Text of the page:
We’re comfortably perched on the veranda of the Catamaran Hotel at Falmouth Harbor in Antigua, watching bananaquits and bull finches compete for crumbs we set out on the railing. Waves lap the beach – one of 365 the island boasts – and coconut palm fronds rustle in the breeze. We’re the only guests about and it’s so quiet and relaxing that it’s meditative. Next door, the marina’s many yachts barely move.
The ideally situated and slightly weathered two-story 14-room hotel exudes an Old Caribbean/British West Indies charm, down to its white columns. Our modest beachfront room with the requisite kitchenette is just steps from the soft white sand and from a deck and swimming pool. A massive ceiling fan plus screened door and windows make air conditioning superfluous, even during this hot, dry season. An unobtrusive staff keeps the place shipshape and immaculately clean.
A short gravel lane leads to a neighborhood grocery store and Sweet T’s Ice Cream Parlour and Snackette, an island version of DQ that became our nightly haunt for a refreshing and delicious scoop of rum raisin, coconut or peanut.
A couple miles down the main drag, English Harbor draws yachties from around the globe and bustles with numerous bars and restaurants. Just beyond is the richly historic and impressive Nelson’s Dockyard, built in the 1700s as a hurricane hole for the British navy. High above, Shirley Heights affords spectacular views.
Each afternoon after a morning of sunbathing, we ventured farther afield in our trusty Nissan Almera, repeatedly getting lost on the narrow, rugged, unmarked roads and occasionally dodging errant goats and chickens. Large green directional signs sprout up sporadically, their words too faded to read. The exceptionally scenic Fig Tree Drive – named for the ubiquitous banana trees ¬– winds through quaint villages, hills and rain forest before descending to hug the west coast.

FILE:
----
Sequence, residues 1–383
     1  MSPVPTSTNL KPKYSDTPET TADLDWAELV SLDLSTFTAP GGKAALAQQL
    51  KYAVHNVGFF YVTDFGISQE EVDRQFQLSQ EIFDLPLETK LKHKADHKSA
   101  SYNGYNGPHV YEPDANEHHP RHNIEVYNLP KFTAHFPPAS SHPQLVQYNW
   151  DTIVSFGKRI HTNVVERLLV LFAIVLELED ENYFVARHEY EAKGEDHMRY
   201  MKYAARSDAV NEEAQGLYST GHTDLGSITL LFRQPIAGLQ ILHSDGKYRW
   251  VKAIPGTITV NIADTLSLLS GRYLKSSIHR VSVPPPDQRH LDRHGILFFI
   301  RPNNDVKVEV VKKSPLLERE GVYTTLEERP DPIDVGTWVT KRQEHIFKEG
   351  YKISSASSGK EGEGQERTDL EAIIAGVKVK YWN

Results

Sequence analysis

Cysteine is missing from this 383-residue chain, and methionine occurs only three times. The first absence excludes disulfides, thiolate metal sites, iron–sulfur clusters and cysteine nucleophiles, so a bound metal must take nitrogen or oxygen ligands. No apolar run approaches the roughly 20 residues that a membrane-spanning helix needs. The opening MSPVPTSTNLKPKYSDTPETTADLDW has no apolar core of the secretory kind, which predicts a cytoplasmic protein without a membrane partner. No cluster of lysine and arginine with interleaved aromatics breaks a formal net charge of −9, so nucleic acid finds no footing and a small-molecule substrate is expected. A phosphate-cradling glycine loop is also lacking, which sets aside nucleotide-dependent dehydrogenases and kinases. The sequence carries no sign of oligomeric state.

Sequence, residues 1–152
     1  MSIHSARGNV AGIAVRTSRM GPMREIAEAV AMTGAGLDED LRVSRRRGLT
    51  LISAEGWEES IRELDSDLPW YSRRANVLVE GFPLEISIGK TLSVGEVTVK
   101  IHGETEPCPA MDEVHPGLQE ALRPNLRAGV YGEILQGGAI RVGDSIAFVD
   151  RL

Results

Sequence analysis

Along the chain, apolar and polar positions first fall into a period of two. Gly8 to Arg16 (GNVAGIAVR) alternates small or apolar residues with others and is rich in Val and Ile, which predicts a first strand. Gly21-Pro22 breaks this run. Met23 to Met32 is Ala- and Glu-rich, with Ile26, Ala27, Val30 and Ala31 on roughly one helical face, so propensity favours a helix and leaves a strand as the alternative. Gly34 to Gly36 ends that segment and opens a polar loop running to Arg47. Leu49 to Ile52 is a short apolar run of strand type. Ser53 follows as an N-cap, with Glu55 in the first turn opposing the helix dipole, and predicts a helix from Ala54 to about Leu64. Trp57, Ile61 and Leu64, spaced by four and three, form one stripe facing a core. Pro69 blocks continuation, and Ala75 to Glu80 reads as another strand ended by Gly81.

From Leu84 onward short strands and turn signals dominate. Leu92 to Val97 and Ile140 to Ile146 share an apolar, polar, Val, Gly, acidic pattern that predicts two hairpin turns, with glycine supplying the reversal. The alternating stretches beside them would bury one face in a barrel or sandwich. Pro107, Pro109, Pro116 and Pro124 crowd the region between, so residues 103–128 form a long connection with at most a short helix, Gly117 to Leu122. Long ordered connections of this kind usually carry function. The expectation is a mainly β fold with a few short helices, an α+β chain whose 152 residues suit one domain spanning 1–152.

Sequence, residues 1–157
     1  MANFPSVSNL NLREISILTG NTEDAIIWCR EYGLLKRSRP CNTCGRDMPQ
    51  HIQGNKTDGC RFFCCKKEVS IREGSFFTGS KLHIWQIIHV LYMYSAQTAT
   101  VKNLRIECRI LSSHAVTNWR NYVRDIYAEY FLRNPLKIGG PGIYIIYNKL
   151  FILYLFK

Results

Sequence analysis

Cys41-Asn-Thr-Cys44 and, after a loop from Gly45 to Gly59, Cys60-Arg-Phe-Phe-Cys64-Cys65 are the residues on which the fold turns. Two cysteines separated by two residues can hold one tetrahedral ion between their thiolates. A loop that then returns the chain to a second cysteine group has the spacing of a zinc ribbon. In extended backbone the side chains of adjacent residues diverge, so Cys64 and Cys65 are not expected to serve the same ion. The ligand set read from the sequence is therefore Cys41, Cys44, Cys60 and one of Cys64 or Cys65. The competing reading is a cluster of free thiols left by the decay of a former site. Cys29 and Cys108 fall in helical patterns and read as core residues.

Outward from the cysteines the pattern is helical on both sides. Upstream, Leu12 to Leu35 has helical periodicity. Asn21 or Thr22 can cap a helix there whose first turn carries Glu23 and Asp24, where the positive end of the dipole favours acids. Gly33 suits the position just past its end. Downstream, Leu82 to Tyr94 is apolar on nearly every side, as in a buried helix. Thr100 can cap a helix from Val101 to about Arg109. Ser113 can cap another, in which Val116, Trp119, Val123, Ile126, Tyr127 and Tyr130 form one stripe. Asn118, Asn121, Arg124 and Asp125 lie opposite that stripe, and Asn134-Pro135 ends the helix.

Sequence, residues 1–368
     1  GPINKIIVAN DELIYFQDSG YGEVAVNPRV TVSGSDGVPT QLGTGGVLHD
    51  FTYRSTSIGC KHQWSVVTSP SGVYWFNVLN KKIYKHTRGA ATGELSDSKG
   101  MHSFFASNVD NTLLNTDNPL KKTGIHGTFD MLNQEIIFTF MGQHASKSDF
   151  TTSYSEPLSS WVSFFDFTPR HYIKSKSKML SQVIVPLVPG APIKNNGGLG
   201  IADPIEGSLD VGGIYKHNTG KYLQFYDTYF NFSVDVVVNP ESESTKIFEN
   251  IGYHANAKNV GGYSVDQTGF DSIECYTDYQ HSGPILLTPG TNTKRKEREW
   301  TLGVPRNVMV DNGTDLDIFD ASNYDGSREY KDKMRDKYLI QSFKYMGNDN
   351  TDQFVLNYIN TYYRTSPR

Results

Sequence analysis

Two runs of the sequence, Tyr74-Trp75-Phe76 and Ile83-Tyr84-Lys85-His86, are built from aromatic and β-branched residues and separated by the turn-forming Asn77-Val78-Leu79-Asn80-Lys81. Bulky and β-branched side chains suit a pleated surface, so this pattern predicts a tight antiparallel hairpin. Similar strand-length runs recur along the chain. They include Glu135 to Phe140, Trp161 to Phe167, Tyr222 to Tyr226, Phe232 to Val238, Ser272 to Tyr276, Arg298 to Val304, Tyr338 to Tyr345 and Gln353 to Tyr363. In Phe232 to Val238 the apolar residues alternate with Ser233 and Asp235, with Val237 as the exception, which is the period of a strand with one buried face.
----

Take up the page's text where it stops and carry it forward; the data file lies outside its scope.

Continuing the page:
At Jolly Harbour, we embarked on the unforgettable daylong Eli’s Eco Tour aboard a 52-foot power cat, learning about Antigua’s turtle sanctuary, its dwindling deer and snake populations, its migrating pelicans and the importance of conserving mangroves and flats systems. We snorkeled above coral heads; explored the incredible rock formations, cave and natural bridge at Hell’s Gate, where the Atlantic and Caribbean mingle; and hiked to the top of Great Bird Island. Lunch brought plenty of tasty barbecued chicken, salads, fried plantains and banana cake, and the locally made passion-fruit and tamarind juices flowed liberally.
Other memorable meals during our weeklong vacation included West Indian chicken curry; mahi mahi, both grilled and beer-battered; tilapia in tacos and sandwiches; and wahoo in garlic sauce.
As usual, we made the obligatory pilgrimage to the typically chaotic capital city and cruise-ship port, in this case St. John’s, where we minced along crowded, broken sidewalks just long enough to procure a highly anticipated chicken roti from the acclaimed Roti King. We then bolted for more low-key and interesting locales: the well-preserved sugarmills at Betty’s Hope; the waves crashing dramatically at Devil’s Bridge, another natural formation; and Priscilla Looby’s colorful hilltop gallery, where we bought a vibrant oil painting she had completed that morning, our souvenir of another amazing tropical vacation.